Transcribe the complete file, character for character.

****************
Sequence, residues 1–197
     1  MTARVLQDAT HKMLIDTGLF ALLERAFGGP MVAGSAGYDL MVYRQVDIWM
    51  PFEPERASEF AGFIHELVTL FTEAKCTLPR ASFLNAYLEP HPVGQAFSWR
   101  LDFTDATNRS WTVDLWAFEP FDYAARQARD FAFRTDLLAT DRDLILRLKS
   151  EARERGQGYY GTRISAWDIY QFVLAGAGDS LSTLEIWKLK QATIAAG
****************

Sequence, residues 1–197
     1  MTARVLQDAT HKMLIDTGLF ALLERAFGGP MVAGSAGYDL MVYRQVDIWM
    51  PFEPERASEF AGFIHELVTL FTEAKCTLPR ASFLNAYLEP HPVGQAFSWR
   101  LDFTDATNRS WTVDLWAFEP FDYAARQARD FAFRTDLLAT DRDLILRLKS
   151  EARERGQGYY GTRISAWDIY QFVLAGAGDS LSTLEIWKLK QATIAAG